In a sweeping fantasy that award-winning author Franny Billingsley called "fascinating and unique", debut author Kathy MacMillan weaves palace intrigue and epic world building to craft a tale for fans of Rae Carson and Megan Whalen Turner.
Raisa was just a child when she was sold into slavery in the kingdom of Qilara. Before she was taken away, her father had been adamant that she learn to read and write. But where she now lives, literacy is a capital offense for all but the nobility. The written language is closely protected, and only the king, prince, tutor, and tutor-in-training are allowed to learn its very highest form. So when she is plucked from her menial labor and selected to replace the last tutor-in-training, who was executed, Raisa knows that betraying any hint of her past could mean death.
Keeping her secret guarded is hard enough, but the romance that's been blossoming between her and Prince Mati isn't helping matters. Then Raisa is approached by the Resistance - an underground rebel army - to help liberate the city's slaves. She wants to free her people, but that would mean aiding a war against Mati. As Raisa struggles with what to do, she discovers a secret that the Qilarites have been hiding for centuries - one that, if uncovered, could bring the kingdom to its knees.
©2016 Kathy MacMillan (P)2016 HarperCollins Publishers
I haven't read the print version. Thus, I can't make a comparison. Though I did notice that some parts of the audiobook seem to interchange Linea and Lorea(?) who are different characters
Definitely when Raisa finally finds out the meaning of her Heart Verse. And when she manages to save people with it
I could have done without Raisa and Mati being hormonal teenagers. Or Raisa having to ponder constantly on her relationship with Mati. To be honest, I find the book a LOT more interesting when it has little to nothing to do with Mati. In other words, when the book focuses more on Raisa's stints with the Resistance and the book's mythology.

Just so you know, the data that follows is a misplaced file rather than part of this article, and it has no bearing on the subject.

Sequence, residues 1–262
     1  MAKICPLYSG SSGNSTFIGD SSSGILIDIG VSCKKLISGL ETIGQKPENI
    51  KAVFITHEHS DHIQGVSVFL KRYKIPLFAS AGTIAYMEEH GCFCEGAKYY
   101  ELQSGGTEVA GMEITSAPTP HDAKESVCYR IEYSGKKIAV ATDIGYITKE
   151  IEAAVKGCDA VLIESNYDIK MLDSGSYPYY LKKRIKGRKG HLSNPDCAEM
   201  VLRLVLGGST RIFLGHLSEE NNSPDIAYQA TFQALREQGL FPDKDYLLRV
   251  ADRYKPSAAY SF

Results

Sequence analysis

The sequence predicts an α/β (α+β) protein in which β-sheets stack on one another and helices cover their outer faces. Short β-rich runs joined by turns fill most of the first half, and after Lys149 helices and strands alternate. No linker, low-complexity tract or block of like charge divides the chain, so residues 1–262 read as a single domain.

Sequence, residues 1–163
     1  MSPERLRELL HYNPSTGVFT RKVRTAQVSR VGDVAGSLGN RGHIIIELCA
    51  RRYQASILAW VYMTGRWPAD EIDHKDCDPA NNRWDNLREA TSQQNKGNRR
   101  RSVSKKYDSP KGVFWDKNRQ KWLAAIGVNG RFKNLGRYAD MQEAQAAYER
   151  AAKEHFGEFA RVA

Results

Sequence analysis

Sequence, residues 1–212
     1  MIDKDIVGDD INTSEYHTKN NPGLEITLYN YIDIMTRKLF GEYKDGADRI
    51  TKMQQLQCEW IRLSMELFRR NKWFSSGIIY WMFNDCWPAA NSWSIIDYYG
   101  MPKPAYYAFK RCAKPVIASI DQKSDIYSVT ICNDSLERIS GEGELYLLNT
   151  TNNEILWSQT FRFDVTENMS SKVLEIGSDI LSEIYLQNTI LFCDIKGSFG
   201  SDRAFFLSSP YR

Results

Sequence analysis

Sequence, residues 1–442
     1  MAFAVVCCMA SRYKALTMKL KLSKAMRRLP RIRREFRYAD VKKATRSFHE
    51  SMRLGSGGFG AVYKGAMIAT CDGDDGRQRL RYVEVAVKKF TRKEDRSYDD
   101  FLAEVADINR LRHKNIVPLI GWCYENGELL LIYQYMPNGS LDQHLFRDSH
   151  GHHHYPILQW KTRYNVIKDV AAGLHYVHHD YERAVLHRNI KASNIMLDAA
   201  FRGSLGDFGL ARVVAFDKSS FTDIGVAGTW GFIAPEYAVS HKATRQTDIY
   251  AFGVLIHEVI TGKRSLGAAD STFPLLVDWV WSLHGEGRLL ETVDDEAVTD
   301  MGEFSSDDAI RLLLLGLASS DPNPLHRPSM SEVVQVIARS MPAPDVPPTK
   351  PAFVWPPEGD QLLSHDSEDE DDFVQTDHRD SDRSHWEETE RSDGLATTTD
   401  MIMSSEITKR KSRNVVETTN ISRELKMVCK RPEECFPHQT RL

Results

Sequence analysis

Readers/Listeners who don't care much about the heroine pining a lot about her beloved might have to bear with it in order to appreciate the book as a whole. Because I've noticed a lot of pining. And I feel that some readers/listeners would have issue with the romance as Raisa was very naive going into a relationship with Prince Mati, who is technically her owner and expected to marry some noble girl to bear the next heir.
This is not to say that Mati is the worst guy ever. Because he does do some redeeming actions. However, that back and forth of that relationship as well as Raisa thinking so much about Mati (and thus, focus being turned away from the Slave Resistance and the current political turmoil -ie the more interesting bits of the book) makes me even more unsympathetic of their love.
But personally, I think the book makes up for it by introducing that universe's mythology and how much it actually bears relevance to the things happening to Raisa's world. Unfortunately, I just had to go through Raisa's tale in order to finish the mythology (which I think is totally cool and awesome).
So in short, If you love an interesting mythology within the book's world but don't really like spending hours listening to the heroine angsting about how her love shouldn't be...you might have to think twice about this book. But in my opinion, it's worth going through it to get to the ending. Because I really love the ending, which to me was VERY Satisfying